The housing recovery has been struggling lately. Mortgage lending just endured it’s worst month in 14 years and analysts are projecting un unprecedented “triple-dip” in home prices. Household income has continued to decline and wage grown has remained poor for years.
On the other hand, the official “unemployment rate” just ticked down again to 5.9%, which equals pre-recession levels. Some of these important indicators seem to contradict each other which creates substantial questions. For starters, how can housing growth and mortgage applications remain poor while the unemployment situation appears to be improving? To understand these variances, a deeper look into the situation is required.
The “Real” Employment Picture
In a jobs market thats slumping for an extended period, a declining “Unemployment Rate” can actually be worse for housing than a higher unemployment level because a big portion of the rate reduction is due to people giving up on their job searches, rather than getting hired at a job. This creates substantial drag on mortgage applications because each person that leaves the workforce wipes out their mortgage chances for two years. Here’s what’s really going on with today’s unemployment rate.
Chart #1 – Civilian Unemployment Rate (Lower is Better)
THE UNEMPLOYMENT RATE HAS FALLEN. THIS SHOULD BE A GOOD THING FOR HOUSING AND THE ECONOMY, BUT THERE’S A CATCH.
Chart #2 – Labor Force Participation Rate (Lower is Worse)
A DECLINING LABOR FORCE PARTICIPATION RATE MEANS LESS PEOPLE ARE WORKING. THIS CHART IS AT THE LOWEST LEVEL IN 36 YEARS.
By comparing these two charts, it’s apparent how much the current unemployment rate is disconnected from the actual number of out-of-work Americans.
Why is there a disconnect?
Under the today’s official “Unemployment Rate” formula, people are removed from the calculation when they either get hired or give up on looking for work. This is significant because a substantial drop of the labor force participation rate and unemployment rate at the same time clearly indicates a large numbers of discouraged unemployed workers giving up on their job search and leaving the workforce. Making matters more confusing, this anomaly is giving the appearance of a positive economic trend as the workforce shrinks in size.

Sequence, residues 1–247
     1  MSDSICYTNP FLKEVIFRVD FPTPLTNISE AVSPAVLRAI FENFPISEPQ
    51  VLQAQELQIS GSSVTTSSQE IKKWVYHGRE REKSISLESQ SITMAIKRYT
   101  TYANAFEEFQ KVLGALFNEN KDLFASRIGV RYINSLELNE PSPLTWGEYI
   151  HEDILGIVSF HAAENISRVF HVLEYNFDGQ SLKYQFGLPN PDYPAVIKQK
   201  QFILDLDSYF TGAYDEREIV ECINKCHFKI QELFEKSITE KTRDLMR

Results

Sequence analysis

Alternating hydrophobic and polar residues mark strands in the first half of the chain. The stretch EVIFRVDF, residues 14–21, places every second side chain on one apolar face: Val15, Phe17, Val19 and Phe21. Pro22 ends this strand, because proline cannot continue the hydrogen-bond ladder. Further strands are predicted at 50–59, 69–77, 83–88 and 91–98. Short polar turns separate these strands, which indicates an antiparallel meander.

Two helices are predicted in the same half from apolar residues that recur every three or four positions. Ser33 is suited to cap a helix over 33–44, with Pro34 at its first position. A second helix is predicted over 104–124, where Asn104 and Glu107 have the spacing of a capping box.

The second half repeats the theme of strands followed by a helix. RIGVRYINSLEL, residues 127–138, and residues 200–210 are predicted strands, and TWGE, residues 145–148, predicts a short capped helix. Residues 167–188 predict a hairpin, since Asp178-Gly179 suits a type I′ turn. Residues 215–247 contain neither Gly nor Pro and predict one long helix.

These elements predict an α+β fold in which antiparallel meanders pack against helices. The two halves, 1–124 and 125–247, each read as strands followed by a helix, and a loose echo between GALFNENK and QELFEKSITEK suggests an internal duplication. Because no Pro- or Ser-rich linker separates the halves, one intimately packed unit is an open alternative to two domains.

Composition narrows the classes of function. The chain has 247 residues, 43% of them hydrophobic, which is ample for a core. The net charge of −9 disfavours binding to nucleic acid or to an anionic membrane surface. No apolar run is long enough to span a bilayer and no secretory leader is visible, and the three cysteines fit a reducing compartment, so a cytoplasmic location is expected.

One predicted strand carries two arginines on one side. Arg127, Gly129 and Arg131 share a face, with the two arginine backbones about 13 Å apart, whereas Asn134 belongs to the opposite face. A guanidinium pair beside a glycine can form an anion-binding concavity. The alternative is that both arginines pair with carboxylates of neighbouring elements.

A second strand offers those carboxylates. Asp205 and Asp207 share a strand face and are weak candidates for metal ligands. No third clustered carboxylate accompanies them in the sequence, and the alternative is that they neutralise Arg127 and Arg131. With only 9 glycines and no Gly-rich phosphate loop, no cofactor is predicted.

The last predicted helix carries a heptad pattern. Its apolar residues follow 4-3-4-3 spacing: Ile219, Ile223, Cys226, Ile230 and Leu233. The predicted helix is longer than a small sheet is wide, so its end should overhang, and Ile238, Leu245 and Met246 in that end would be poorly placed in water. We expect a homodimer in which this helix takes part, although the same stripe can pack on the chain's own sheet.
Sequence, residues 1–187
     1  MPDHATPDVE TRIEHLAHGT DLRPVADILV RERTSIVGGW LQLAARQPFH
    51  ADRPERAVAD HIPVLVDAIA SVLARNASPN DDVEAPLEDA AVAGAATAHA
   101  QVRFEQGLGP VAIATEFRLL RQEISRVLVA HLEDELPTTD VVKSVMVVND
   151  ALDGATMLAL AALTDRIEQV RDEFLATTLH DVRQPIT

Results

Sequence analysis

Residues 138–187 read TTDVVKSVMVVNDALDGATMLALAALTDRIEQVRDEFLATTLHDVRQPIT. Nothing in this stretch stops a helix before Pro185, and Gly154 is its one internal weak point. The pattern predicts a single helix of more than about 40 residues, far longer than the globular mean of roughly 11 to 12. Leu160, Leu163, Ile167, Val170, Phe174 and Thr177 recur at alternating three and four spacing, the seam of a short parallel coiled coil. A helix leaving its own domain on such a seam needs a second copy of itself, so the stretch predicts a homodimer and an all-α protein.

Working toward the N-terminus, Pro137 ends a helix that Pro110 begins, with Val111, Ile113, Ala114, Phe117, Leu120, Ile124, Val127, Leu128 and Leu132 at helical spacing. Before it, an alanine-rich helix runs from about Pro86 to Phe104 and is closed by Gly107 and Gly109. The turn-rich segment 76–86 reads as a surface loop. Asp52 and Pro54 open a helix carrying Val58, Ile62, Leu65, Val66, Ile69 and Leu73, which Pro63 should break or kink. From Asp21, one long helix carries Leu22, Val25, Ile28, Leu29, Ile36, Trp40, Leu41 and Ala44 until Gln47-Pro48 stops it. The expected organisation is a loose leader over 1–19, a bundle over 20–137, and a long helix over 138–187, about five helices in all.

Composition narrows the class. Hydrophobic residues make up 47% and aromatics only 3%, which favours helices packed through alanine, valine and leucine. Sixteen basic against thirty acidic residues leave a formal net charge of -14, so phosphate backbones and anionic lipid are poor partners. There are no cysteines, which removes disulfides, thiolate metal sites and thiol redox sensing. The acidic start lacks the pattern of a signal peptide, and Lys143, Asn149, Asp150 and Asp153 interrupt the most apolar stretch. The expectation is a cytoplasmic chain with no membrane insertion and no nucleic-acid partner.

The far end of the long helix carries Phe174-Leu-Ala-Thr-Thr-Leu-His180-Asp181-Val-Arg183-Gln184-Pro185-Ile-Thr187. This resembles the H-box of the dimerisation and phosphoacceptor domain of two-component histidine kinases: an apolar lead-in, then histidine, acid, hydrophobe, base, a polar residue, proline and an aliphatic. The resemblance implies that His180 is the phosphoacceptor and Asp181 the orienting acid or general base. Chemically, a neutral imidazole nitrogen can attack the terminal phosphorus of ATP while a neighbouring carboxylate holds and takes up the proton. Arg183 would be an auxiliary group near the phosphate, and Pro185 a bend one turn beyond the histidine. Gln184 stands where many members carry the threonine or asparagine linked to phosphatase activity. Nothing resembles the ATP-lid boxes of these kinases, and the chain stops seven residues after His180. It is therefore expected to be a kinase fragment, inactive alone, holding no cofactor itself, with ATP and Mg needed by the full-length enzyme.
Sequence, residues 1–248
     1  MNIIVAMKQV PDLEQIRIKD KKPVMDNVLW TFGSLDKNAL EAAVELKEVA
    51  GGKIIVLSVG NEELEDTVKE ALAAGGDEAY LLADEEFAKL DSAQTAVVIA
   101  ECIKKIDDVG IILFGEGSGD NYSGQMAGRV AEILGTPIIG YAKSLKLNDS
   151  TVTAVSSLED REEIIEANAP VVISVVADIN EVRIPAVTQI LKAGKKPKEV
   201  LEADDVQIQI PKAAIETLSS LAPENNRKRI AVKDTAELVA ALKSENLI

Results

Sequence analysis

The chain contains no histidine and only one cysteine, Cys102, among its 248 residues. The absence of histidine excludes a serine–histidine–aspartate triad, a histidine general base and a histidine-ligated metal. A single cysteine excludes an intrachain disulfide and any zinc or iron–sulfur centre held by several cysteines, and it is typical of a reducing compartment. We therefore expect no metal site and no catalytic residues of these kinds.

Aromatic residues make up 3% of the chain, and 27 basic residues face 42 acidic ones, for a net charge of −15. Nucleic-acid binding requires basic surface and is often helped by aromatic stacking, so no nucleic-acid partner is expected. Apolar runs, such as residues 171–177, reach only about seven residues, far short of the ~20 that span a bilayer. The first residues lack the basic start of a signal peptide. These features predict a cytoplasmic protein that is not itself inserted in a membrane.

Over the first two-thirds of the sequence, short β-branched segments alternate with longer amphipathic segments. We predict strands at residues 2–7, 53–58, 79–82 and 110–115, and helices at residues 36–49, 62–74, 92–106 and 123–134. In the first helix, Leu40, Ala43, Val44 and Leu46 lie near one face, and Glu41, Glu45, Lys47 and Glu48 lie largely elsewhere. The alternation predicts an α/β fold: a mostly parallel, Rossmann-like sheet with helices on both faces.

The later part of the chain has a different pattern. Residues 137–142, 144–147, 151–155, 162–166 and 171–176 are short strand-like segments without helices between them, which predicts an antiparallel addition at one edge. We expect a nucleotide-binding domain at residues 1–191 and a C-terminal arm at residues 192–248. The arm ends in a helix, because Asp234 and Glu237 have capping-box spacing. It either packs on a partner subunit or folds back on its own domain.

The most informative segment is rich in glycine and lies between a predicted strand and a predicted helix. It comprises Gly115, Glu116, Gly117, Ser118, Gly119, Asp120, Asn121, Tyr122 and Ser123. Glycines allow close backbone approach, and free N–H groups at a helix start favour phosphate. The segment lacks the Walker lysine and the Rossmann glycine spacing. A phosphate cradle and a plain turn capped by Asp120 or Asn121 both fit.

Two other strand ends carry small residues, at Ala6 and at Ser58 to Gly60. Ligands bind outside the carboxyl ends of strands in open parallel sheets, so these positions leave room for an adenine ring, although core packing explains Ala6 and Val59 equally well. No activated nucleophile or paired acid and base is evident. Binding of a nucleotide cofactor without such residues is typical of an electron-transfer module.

The disconnect has grown so much that Keith Hall, the former head of the Bureau of Labor Statistics, recently stated that the unemployment rate is “misleadingly low” and the actual unemployment rate is about 3 points higher. In other words, the unemployment rate calculation was never meant to measure a jobs market stagnant this long and isn’t a reliable economic indicator right now.
A new calculation has been created to better capture labor market conditions!
In response to current disparities, the Federal Reserve recently announced the creation of a new index that reflects more of these variables . The “Labor Market Conditions Index” (LMCI) is reported to capture a “number” of labor market indicators. There may be a catch, however.
Wait… It mirrors the already misleading unemployment rate 96% of the time?
Carol Binder, a California economist, recently provided an analysis of the new LMCI on her blog that suggested the new calculation closely correlates with the current unemployment calculation. The similarities are so profound in fact that Binder wrote “They are almost perfectly negatively correlated–and when you consider measurement error you can’t even reject that they are perfectly negatively correlated– so the LMCI doesn’t tell you anything that the unemployment rate wouldn’t already tell you.”
I’ve seen the two charts on her post (halfway down the page) and I have to agree. The LMCI chart looks almost exactly like the Unemployment Rate chart turned upside down, and labor force participation doesn’t appear to carry a lot of weight. You can take a look and decide for yourself, the official statistics for the LMCI formula are published here.
In my humble opinion, any future labor market indicator will need to better account for the real percentage of out-of-work Americans to be considered a trusted resource. Anything less seems like more smoke and mirrors.